For all those athletes who don't understand why they excel in practice and struggle to find their niche in game situations , if you wonder why you are so relaxed in practice but tense or press when it counts, then it's time to make a change. It's time to realize that you have been influenced by the pressure of performing in a consequential environment for the majority of your competitive career. To think that you can pretend that these pressures aren't their, or to attempt to "out will" these consequences is to miss the point.

Foreign Territory



MLB Pro Camp
Encino — February 2007

The truth is that the feelings that we experience in a performance environment are actually unfamiliar to us. It is like being in foreign territory , you don't really know the terrain and it's hard to know what to expect from your actions. The practice environment on the other hand is familiar territory, especially when you consider that you spent most of your time there and you know exactly what needs to be done. From this we can see that there is an aura of familiarity with practice and an aura of unfamiliarity during performance.

So we can see that's its not just the nature of consequences that can limit our performance, but our discomfort with the unfamiliarity of game situations.

Being comfortable with yourself in practice is one thing. Being comfortable with yourself in game situations is another. Until we address this issue, until we are willing to make a change in our outlook, a change in our process we are going to continue to wonder why we are unable to excel in performance situations, "when it counts".

Awareness is the first step. The willingness to change is the second step. Taking action is the third step. At the root of this action is the investment you make in your mind.

When athlete's think in terms of preparation, they typically speak in terms of practice. But rarely do they talk in terms of mental practice. Is it any wonder that we find it difficult to excel in game situations? Is it any wonder why the performance arena, and the consequences surrounding them seem foreign to us?

Mental training is a practice that helps us to bridge this gap from the comfortable confines of the practice environment to the performance environment. It is a practice of being on familiar ground, of earning the comfort and trust of your mind by spending quality time in this familiar territory, free from distractions, free from consequences. But to come to this awareness is only the first step. The willingness to change and the application of this awareness is what must follow.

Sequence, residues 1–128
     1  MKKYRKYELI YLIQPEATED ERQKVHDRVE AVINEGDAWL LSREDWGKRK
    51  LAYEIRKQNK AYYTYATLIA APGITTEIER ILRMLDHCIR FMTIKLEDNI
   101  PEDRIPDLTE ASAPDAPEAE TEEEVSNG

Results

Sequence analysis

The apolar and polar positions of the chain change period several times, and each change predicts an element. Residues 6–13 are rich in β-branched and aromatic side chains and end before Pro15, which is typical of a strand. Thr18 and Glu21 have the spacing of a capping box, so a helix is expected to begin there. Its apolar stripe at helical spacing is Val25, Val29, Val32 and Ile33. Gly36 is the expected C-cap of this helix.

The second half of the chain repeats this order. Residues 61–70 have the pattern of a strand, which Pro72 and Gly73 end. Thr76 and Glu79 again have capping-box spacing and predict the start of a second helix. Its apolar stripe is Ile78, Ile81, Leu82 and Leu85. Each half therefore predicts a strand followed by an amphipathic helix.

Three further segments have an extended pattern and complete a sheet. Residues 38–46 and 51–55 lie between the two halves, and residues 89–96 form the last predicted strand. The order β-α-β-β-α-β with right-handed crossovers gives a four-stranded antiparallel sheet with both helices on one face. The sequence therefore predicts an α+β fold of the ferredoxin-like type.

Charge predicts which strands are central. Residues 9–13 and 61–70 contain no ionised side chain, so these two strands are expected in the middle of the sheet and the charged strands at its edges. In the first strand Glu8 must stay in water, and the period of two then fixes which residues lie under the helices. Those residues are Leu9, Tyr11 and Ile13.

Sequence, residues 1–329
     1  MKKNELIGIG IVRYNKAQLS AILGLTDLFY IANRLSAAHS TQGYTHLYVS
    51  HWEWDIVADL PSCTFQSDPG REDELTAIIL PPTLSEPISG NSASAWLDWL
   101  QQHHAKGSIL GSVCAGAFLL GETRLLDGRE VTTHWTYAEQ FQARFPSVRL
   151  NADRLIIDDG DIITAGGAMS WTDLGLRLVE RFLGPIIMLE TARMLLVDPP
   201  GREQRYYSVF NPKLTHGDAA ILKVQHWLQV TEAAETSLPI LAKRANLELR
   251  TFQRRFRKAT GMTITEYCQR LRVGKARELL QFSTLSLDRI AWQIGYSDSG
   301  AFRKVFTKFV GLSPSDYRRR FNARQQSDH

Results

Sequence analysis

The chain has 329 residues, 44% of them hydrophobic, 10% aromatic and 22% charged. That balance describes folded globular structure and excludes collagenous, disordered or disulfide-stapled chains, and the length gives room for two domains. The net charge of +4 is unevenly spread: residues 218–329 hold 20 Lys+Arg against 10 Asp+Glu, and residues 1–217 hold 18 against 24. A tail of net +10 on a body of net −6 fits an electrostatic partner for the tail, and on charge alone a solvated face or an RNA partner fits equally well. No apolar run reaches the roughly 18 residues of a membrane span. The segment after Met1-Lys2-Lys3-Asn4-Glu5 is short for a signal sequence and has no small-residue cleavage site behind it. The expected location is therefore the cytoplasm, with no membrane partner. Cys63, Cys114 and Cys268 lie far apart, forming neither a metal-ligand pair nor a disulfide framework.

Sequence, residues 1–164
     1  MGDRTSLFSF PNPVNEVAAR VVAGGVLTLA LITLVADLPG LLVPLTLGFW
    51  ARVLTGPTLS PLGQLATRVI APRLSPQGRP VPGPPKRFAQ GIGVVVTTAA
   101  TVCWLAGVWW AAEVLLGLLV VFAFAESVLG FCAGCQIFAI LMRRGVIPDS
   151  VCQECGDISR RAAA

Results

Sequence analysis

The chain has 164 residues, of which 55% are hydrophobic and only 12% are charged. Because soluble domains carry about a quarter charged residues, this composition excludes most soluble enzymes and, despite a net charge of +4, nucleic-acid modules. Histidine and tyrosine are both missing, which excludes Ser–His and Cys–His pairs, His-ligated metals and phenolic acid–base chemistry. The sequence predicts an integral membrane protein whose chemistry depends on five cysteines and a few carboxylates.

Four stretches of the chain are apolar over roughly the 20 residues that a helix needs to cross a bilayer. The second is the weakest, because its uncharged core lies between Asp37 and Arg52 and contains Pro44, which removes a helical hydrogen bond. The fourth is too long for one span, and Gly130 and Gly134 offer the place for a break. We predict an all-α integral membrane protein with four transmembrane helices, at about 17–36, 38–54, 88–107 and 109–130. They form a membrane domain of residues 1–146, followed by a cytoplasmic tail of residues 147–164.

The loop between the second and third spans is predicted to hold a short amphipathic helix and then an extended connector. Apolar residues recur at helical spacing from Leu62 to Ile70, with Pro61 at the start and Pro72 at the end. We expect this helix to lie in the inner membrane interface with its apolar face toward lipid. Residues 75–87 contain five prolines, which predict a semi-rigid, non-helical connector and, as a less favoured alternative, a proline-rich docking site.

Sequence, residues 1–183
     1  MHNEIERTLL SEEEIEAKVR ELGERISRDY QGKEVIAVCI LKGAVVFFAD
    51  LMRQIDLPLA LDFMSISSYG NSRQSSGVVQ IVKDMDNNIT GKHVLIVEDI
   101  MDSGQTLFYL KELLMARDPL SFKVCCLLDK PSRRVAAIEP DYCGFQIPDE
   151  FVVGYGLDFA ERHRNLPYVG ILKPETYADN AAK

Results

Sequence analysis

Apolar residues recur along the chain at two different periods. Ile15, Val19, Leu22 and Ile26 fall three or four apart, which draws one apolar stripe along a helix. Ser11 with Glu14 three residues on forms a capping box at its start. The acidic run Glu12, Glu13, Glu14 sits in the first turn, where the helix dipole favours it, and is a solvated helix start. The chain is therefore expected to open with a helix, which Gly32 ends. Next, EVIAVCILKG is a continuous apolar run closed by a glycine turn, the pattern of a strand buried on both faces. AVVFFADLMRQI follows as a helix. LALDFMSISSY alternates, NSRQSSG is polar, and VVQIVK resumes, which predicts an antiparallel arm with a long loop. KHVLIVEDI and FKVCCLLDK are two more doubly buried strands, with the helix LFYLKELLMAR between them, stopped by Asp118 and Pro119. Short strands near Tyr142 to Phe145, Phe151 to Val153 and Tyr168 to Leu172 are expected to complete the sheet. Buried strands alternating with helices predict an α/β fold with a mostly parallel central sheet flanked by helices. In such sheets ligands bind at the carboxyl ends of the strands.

Mental training is a dedicated, determined and consistent practice that is as much a part of your day as eating and sleeping. Mental training is nourishment to your existence as a person and as an athlete. It is the water to nurture your fertile seeds of talent, growth and potential. And just as breathing is not an option to keeping yourself alive mental training cannot be viewed as an option to realizing your potential. But this realization is the culmination of weeks, months and years of investment and sacrifice to a new routine, a new focus. Like anything else in life your mental skills and focus (i.e. clarity, concentration, confidence) must be earned. It's a rather simple equation: if you want to improve on any area of your life than you must dedicate yourself consistently and diligently to that area of your life. And when the area of your life is your mind, how can you not afford to make the time? After all, isn't the mind the source of everything else.

The truth is when you step back from it all you begin to realize that we've given most of our attention to everything but the mind. We spend most of our waking hours improving our physical skills through countless physical drills when it is the mind that ultimately dictates our performance. It's kind of like watering a plants leaves instead of the soil; washing your car without checking the engine. How quickly we forget that the engine drives the car.

The bottom line: if being comfortable with yourself is at the heart of excelling in a game situation, than mental training is at the heart of establishing this comfort zone. Your comfort zone is your home , it is a place where you are completely at peace, relaxed, concentrated and free from any internal stress or external distractions. It is a place where you can let things happen spontaneously and trust yourself unconditionally. And once in place (through among other things a mental training practice) you will have the ability to stay connected to this feeling in all situations; you will be like the tortoise who carries is home wherever he goes. This home is in fact your comfort zone."